But you have her earliest memories (her most basic understanding of how the world works) warring against your efforts. Because these earliest memories blame someone or something else for whatever goes ‘wrong’. And you, or someone in your family, has helped create these memories.
It is unreasonable to expect that your child will forget the ‘learning’ of a lifetime of holding people and situations to blame; that he will suddenly ‘become responsible’.
Initially, blaming people and circumstances gives your child an ‘out’ – a feeling that she is a success, or could have been, had it not been for… But eventually, the habit of finding fault only gives her excuses to fail. To teach your child to find fault is to set her up for failure.
Look around you. Despite the millions of ‘reasons’ for failure, there are people who have amazing achievements to their credit. They must have fallen too; they must have met food they didn’t like; they must have been sleepy or tired or unwell or unwilling or all of them at the same time; they must have had bad days or bad relationships; but still, they had worthwhile achievements.
What your child achieves is not as important as the fact that he achieves something.
If he enjoys studying and gets good grades, getting straight ‘A’s may not count as an achievement for your child. He wants to be at the top of the tree in all subjects – that would give him a sense of accomplishment.
For a sick child, getting out of bed and getting dressed to sit up for an hour might be an achievement.
If he’s very shy, making eye contact with a stranger may be an achievement for your child.
But she will not achieve anything, she will not succeed, if you are on a fault-finding mission when things go ‘wrong’. Fault-finding takes away your child’s power to determine her life. It makes her powerless.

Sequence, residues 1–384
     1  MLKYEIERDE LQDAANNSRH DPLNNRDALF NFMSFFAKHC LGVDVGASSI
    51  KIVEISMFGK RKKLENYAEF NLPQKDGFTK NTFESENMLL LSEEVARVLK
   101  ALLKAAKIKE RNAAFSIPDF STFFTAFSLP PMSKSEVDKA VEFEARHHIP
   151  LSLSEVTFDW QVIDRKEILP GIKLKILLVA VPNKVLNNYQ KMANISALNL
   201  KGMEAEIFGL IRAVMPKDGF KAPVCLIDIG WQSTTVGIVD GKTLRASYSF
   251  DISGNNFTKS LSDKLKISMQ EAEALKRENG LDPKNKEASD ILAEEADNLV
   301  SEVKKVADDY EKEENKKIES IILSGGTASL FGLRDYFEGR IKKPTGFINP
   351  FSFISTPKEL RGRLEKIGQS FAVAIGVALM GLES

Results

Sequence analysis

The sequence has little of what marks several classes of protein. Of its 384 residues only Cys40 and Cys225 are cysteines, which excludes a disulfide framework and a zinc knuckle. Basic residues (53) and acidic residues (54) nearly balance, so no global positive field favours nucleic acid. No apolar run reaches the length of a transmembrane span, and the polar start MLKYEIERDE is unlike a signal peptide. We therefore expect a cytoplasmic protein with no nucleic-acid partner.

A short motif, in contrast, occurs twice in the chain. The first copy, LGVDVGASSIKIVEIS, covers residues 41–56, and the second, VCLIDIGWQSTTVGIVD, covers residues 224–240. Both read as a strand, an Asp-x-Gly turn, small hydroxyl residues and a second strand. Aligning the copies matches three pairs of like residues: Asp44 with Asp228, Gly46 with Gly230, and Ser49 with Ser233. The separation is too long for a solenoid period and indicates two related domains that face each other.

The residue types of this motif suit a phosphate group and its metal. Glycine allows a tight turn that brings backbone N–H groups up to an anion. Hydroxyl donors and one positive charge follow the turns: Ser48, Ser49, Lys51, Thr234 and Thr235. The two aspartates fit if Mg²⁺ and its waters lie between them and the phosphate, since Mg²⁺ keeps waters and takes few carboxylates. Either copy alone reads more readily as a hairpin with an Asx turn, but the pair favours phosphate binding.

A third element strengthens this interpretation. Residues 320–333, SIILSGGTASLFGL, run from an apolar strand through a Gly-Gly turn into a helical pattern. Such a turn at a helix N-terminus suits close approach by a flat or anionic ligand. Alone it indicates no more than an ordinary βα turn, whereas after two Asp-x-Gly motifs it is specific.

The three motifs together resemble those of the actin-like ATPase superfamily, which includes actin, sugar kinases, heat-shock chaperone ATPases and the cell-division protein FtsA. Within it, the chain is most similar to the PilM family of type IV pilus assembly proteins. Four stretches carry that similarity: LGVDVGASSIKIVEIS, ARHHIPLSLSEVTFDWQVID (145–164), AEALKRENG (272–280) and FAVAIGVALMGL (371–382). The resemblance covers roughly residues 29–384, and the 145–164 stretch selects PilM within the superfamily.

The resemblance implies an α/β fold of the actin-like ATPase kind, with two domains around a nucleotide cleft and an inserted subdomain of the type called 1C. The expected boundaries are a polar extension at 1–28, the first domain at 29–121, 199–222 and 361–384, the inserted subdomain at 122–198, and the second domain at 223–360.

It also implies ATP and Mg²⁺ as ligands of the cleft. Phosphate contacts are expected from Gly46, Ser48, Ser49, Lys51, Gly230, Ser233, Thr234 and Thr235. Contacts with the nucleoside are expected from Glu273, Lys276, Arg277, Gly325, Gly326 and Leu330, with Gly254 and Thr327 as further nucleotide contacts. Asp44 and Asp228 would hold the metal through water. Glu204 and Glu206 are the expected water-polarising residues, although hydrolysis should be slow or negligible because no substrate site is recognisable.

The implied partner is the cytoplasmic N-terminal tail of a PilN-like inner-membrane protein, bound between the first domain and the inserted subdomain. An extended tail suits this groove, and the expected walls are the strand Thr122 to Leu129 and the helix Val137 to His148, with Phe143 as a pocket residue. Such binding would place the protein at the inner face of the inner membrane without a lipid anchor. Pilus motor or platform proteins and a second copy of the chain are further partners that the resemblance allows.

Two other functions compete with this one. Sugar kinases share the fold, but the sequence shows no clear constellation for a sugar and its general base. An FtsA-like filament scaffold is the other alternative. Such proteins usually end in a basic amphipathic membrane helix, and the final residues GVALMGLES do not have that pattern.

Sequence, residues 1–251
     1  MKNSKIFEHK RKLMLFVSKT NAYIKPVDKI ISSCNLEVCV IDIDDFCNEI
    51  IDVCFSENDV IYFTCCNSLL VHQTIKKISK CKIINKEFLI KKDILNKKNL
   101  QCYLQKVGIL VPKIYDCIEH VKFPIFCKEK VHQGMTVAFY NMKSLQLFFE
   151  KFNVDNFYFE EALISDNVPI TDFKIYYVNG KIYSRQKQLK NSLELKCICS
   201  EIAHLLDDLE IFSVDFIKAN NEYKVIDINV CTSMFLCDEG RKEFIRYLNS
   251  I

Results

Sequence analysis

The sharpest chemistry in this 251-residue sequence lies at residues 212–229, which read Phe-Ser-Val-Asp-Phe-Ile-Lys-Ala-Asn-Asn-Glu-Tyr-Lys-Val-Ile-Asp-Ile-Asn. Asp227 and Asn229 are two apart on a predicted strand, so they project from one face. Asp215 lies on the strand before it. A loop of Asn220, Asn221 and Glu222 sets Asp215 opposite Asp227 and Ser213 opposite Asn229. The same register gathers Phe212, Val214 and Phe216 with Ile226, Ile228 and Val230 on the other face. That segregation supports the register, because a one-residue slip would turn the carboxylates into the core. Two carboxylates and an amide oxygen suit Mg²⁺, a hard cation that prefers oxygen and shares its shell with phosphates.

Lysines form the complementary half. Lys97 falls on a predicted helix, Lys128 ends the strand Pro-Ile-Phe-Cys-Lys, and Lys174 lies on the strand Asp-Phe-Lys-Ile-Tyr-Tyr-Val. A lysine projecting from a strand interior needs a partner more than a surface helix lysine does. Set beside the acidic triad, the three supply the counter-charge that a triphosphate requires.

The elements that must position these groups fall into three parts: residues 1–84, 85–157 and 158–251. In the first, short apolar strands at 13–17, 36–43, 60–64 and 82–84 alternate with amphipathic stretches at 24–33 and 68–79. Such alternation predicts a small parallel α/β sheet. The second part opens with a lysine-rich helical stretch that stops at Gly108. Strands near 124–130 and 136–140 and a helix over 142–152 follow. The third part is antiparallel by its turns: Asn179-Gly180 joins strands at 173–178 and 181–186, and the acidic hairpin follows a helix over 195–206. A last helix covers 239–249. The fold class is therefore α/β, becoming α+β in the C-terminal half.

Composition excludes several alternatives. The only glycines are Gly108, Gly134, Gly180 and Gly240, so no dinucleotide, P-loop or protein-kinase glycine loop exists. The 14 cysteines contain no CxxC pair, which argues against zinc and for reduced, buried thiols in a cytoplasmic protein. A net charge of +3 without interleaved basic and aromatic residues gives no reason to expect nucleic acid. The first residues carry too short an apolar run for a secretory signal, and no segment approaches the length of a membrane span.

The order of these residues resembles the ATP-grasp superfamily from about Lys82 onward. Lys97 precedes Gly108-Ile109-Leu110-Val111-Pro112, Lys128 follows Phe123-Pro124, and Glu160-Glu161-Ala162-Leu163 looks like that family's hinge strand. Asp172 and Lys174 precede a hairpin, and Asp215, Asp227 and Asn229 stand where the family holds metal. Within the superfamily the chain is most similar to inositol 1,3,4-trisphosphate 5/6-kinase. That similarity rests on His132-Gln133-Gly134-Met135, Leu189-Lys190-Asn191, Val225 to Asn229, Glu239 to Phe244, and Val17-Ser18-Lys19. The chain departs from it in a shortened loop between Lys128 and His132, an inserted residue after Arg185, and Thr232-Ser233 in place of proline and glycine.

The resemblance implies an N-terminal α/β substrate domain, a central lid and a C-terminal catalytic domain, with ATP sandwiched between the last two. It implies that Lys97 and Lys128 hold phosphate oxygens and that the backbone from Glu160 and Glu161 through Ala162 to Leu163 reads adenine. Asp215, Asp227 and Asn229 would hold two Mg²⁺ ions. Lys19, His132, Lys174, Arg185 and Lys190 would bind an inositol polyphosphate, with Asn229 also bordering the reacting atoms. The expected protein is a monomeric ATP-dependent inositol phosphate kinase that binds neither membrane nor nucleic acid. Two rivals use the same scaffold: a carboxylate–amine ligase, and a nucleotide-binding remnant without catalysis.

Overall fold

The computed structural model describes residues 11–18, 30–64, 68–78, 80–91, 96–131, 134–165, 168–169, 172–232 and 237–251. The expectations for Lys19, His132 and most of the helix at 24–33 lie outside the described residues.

You know what ‘powerless’ feels like – every adult does. Think back to the times in your life when you felt powerless. Feeling powerless is disheartening, hopeless, debilitating, paralyzing, and in its worst form, it leads to severe depression, if not worse.
Why would you want to teach your child to be powerless? But, in an effort to ‘make her feel better about herself’ in the moment that her wishes are thwarted, that’s exactly what you do! And the pattern begins.
How to break the cycle? One thought can break it – abruptly and effectively.
Why find fault?
When something goes ‘wrong’, rather than figuring out who or what was at fault, why not simply try and understand why it happened?
“You fell down? Hurt yourself? How? Tripped on a stone? That’s okay – people trip on stones sometimes. You need to watch where you’re going. You need to lift your feet when you walk.”
Soothe, cuddle, kiss, off you go.
“Didn’t get the star part? Well, others have to get star parts too. You think you can do it better? Maybe the last time when you got the star part this child thought he could do it better. It’s alright. You can’t be the star every time.”
Your child can’t win at everything, not all the time. Things won’t go his way always. And that’s okay. It’s nobody’s fault. 🙂 It’s the way things are, the way the world is. Even at the poles, where the polar night lasts for months at a time, it only lasts for months – not through the year. 🙂
Why find fault?
Try, instead, to help your child find understanding – so that he can be happy, fulfilled, so that he sets himself up for success (with some failures along the way 🙂 ) .
Understanding is about ‘if-then’.
- If you work, (then) you will do better.
- If you are kind to people, (then) you will have better relationships.
- If you are selfish, (then) you may not have true friends.
But wait a minute! These ‘if-then’ situations aren’t always true!
That’s called Growing Up – in the next post! 🙂